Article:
Nebraska has sent National Guardsmen and two states have sent personnel this week to help battle yet another large fire in western Nebraska.
This is at least the fourth major fire in the state this year.
The fire, which started late Sunday morning in the Buffalo Creek Wildlife Management Area, has grown to more than 2,500 acres in Banner and Scotts Bluff Counties, according to the Nebraska Emergency Management Agency. As of Tuesday morning, it was about 40% contained, said Jodie Fawl of the Nebraska Emergency Management Agency.
Gov. Pete Ricketts declared an emergency so that state resources could be provided. This is at least the fourth fire this year for which he's done so.
Buffalo Creek wildlife area is about 7 miles southeast of Gering and Scottsbluff.
Tuesday was forecast to bring a third day of adverse weather, according to the National Weather Service. Strong winds and desert-like dry air were expected to make battling the fire more difficult. The National Weather Service has said winds on Tuesday could gust between 30 and 40 mph for most of the day in that area and relative humidity was expected to drop below 15%. With similar conditions forecast across much of northern Nebraska Tuesday, the weather service issued a Red Flag warning, which means that any fire that ignites could grow rapidly.
Matt Holte, fire management officer for the Nebraska Forest Service, said a fire of this intensity is unusual for this time of year.
"Fires this time of year aren't unusual, but the intensity and speed with which this has moved has surprised a lot of people," he said.
Most of the Panhandle remains stuck in drought, and the Panhandle and northwest Nebraska have had the most difficult fire conditions this year, he said. For the rest of Nebraska, this has been a fairly typical fire year, Holte said.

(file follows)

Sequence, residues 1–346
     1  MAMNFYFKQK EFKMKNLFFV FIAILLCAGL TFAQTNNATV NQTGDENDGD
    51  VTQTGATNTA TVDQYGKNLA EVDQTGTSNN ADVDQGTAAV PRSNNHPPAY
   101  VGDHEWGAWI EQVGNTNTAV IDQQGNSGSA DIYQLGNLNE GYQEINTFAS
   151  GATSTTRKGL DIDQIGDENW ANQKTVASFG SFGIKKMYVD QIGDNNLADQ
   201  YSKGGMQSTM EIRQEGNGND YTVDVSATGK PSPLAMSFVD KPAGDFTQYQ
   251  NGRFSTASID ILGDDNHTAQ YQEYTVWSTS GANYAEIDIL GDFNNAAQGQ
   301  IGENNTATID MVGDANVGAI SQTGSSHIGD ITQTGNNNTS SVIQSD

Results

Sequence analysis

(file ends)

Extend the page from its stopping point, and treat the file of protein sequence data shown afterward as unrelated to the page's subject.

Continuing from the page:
As of Tuesday morning, no structures were known to have burned and no injuries were reported , according to Fawl. One home was surrounded by fire, but it did not burn, she said.
The fire coincided with the opening weekend of firearm deer season and occurred in an area popular with hunters. As a result, officials had to evacuate more people than usual from the wildlife area, according to the Nebraska Game and Parks Commission.
The cause of the fire has yet to be determined.
Nebraska is dealing with its second consecutive difficult fire year.
In addition to the emergency declarations, state aerial firefighting resources have been provided 24 times this year, compared with 25 last year and seven times in 2018. (2019 was one of Nebraska's wettest years on record.)
Monday morning, two UH-60 Blackhawk helicopters and nine Army National Guard soldiers traveled from Lincoln to the Panhandle to help drop water on the fire. Additionally, the state's contracted, crop-duster-like firefighting airplane has been deployed.
Fawl said a strike team from Wyoming was deployed Tuesday, bringing with it several firefighting engines. In addition, between 15 and 18 volunteer fire departments are working to suppress the fire.
Two single engine air tankers from Colorado flew retardant drop missions on Sunday and Monday, according to emergency officials.
The strategy of aggressively attacking fires with large amounts of resources reflects a change in the way wildfires are fought in Nebraska since the devastating year of 2012. That was the state's hottest, driest year on record and its worst fire year. Fire officials say climate change is contributing to wildfires becoming aggressive and intense.
“Rugged, inaccessible terrain and wind-driven runs has hampered firefighting efforts,” Gering Fire Chief Nathan Flowers said in a statement.
The fire has led to the closure of the wildlife area and Wright’s Gap Road, according to the Emergency Management Agency.
A local effort is being coordinated by Firefighting Ministries of Scottsbluff to supply firefighters with personal items. Among the items being collected: bottled water, Gatorade, eye drops, ibuprofen, granola bars, bags of chips and lip balm.